• for the same number of transferred embryos, blastocyst transfer has significantly higher live birth rate (29% – day 3, 36% – blastocysts),
  • with blastocyst transfer doctors are able to select for transfer embryos of better quality,
  • extended culture allows more precise synchronisation between embryo and endometrium at the transfer,
  • where necessary, Pre-implantation Genetic Diagnosis (PGD), i.e. examination of the embryos’ DNA gives more information than in the case of a 2- or 3-day old embryo.
  • Extended embryo culture provides the chance of obtaining blastocyst stage embryo(s), but it doesn’t guarantee that this stage will be reached. Occasionally, it may happen that the transfer will not be possible due to the lack of embryos on day 5 or 6. Moreover, in the case of extended embryo culture, the number of embryos qualified for freezing in a single cycle is slightly lower than in the case of culture to day 2 or 3.

    For some men with the confirmed absence of spermatozoa in semen, for example due to inflammatory conditions or congenital absence of the vas deferens, testicle or epididymis puncture (TESA/PESA) for obtaining sperm (if present there) may be a chance for having offspring). Sperm aspiration is performed in general or local anaesthesia. From the collected material, cells being an early form of sperm or mature spermatozoa are isolated in laboratory settings. In 75% of cases this procedure leads to obtaining healthy sperm eligible for egg fertilisation with the use of the ICSI technique.

    In some patients, even when normally developing embryos are transferred to the uterus, they fail to implant into the uterine lining. In such cases in the next treatment cycle it is possible to apply the so-called „assisted hatching”. This procedure, performed immediately before embryo transfer in in vitro laboratory, helps embryos to get out (“hatch out”) from its shell known as the zona pellucida. In vitro embryo culture may lead to thickening of this layer thus causing difficulties with blastocyst hatching out and in consequence also with embryo implantation in the uterine cavity. Assisted hatching involves breaking the continuity of zona pellucida using mechanical cutting, enzymatic digestion or laser techniques.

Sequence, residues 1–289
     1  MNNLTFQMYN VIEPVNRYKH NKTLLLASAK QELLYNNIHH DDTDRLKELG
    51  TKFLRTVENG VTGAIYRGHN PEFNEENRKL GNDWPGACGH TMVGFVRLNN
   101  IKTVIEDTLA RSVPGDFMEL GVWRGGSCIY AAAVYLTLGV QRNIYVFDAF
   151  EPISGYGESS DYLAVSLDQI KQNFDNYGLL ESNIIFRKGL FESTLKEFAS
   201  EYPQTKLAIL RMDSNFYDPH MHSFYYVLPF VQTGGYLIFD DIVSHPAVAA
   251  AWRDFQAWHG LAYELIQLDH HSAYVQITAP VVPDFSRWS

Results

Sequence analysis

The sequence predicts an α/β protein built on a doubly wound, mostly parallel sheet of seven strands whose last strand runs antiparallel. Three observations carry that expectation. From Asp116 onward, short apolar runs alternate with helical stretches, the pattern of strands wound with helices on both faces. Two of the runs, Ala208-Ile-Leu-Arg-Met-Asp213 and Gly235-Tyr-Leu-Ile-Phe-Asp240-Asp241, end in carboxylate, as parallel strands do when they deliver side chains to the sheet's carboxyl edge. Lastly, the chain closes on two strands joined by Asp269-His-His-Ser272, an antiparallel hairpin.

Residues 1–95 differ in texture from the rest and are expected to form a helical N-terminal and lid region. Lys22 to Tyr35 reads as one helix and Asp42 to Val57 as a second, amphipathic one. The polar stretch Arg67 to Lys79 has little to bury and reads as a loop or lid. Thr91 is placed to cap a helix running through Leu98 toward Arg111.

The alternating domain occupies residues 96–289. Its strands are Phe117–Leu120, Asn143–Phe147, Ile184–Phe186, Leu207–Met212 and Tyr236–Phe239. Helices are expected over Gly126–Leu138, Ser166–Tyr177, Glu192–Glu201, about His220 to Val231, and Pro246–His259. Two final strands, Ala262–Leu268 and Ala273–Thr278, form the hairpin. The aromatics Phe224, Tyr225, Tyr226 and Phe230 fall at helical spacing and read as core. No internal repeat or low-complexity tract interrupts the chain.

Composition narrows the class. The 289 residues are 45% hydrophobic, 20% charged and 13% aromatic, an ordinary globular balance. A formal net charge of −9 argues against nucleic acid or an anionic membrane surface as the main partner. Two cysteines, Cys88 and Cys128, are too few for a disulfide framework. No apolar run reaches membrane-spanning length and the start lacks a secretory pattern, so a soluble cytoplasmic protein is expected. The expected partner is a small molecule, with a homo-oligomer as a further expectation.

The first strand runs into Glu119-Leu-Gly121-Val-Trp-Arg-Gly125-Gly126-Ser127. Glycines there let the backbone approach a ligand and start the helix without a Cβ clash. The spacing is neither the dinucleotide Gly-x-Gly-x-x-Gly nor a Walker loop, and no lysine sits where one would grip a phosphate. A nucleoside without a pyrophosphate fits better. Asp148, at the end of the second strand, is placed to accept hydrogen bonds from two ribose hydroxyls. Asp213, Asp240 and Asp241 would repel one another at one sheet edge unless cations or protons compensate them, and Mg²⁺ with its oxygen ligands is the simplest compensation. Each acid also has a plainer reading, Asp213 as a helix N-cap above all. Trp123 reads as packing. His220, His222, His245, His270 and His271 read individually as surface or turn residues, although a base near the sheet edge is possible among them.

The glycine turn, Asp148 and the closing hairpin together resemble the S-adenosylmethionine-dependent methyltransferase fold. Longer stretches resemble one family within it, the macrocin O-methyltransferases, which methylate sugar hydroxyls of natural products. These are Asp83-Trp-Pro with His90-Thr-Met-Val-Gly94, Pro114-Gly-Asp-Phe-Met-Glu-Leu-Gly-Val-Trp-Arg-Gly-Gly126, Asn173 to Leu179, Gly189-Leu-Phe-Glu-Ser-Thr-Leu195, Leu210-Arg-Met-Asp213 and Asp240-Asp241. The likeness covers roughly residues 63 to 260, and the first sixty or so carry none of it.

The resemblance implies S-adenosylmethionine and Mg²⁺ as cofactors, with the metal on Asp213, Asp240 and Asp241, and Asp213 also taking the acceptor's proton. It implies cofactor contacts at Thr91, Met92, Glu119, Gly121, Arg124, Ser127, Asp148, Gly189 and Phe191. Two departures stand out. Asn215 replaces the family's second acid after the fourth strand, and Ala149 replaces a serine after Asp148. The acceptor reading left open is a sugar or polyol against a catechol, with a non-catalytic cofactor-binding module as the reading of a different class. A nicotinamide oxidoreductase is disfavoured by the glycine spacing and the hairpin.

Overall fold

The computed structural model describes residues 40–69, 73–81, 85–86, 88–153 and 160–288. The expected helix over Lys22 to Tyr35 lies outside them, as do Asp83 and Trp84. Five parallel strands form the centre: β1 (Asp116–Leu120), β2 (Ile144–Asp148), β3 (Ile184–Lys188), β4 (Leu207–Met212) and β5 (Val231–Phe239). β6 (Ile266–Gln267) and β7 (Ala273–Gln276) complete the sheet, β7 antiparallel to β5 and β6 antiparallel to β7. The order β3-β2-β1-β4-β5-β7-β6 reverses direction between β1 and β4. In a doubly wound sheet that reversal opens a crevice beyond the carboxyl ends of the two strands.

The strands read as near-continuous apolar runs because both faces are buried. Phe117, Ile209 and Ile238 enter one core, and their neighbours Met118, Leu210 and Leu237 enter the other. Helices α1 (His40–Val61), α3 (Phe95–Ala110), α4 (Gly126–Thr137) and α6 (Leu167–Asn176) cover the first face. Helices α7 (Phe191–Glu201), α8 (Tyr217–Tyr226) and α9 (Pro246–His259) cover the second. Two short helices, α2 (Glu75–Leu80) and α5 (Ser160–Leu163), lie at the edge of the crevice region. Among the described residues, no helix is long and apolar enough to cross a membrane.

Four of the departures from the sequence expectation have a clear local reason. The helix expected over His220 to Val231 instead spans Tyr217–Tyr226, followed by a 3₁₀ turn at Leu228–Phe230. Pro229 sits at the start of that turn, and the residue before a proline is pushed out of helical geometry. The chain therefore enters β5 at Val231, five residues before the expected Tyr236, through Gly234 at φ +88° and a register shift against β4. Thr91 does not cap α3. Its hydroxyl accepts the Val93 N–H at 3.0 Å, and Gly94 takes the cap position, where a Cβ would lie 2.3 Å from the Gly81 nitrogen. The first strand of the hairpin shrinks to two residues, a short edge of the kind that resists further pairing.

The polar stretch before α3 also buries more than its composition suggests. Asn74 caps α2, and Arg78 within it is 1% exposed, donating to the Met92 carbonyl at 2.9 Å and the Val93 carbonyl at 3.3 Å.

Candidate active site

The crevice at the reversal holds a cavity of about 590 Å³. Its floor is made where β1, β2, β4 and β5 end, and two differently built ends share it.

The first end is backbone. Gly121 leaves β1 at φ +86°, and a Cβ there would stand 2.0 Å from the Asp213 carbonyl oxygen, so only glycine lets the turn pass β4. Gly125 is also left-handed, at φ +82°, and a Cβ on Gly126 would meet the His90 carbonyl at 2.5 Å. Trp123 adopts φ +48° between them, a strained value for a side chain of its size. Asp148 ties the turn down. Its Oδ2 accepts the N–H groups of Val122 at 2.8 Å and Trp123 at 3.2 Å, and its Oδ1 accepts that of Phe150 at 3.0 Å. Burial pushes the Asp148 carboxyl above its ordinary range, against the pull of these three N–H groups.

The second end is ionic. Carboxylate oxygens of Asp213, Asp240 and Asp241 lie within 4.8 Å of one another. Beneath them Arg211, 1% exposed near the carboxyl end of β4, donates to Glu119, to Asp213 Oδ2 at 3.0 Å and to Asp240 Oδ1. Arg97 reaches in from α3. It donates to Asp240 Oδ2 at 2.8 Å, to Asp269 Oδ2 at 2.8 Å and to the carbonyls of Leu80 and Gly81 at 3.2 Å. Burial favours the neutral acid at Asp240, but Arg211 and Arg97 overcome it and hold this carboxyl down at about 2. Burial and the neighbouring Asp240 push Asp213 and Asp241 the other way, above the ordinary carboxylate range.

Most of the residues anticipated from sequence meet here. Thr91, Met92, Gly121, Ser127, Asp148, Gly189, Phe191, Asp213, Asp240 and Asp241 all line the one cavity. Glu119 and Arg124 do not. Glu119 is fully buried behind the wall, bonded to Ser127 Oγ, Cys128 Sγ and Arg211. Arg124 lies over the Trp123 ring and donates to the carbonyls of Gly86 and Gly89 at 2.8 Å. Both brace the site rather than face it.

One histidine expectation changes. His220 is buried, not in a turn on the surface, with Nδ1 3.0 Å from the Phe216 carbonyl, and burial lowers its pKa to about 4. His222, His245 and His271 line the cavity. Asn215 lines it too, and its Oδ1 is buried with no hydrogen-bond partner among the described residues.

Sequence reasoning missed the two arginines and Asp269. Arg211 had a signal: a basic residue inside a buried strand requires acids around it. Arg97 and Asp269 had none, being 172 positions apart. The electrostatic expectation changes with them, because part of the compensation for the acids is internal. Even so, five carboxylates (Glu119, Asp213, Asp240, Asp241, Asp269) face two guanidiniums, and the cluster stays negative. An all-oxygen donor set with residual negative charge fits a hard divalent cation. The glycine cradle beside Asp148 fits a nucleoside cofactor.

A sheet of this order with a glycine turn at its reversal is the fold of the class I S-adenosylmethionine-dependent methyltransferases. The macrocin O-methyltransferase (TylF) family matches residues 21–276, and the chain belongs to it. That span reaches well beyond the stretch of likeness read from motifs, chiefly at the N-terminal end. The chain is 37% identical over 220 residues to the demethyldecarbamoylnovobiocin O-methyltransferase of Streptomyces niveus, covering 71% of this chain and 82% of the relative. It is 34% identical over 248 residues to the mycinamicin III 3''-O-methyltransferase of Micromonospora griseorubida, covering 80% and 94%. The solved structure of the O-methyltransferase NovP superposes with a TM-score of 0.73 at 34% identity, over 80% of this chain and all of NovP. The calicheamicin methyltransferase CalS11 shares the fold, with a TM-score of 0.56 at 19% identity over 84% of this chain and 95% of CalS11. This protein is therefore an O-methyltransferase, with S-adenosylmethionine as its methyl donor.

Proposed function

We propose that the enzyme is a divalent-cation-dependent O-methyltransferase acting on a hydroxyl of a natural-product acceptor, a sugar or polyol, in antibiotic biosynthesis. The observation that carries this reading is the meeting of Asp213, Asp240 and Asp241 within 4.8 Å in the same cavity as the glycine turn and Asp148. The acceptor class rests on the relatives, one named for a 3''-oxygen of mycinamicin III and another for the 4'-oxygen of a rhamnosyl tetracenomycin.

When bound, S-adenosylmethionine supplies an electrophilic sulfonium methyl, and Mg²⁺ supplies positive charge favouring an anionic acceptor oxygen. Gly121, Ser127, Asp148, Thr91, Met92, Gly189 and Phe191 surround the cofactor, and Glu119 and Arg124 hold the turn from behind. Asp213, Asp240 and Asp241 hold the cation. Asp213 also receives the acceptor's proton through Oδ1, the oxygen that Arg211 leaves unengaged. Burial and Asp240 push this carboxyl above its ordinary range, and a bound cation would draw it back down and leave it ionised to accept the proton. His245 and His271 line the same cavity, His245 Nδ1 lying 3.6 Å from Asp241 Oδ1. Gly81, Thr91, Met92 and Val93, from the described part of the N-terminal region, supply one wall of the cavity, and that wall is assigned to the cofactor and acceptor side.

Sperm cells used in IVF techniques require the adequate preparation. With the use of techniques of sperm cell isolation from semen, spermatozoa are separated from the semen plasma, substances inhibiting the ability to fertilise egg cells are removed, processes facilitating the egg cell fertilisation are initiated, sperm cells with proper morphology and motility are selected, bacteria and viruses are eliminated and the sperm cells with a female or male chromosome are selected.

    The following techniques are most commonly applied in the sperm cell isolation:

    • semen flushing
    • Sperm separation in discontinuous gradient medium
    • swim up

    The most commonly used method of sperm separation is density gradient centrifugation (DGC), or the Percoll method, which allows to obtain the homogeneous population of normal sperm cells, separate the sperm cells from other morphotic elements of semen, and poses negligible risk of losing some small amount of spermatozoa when their number in the ejaculate is small.

    Do you know that....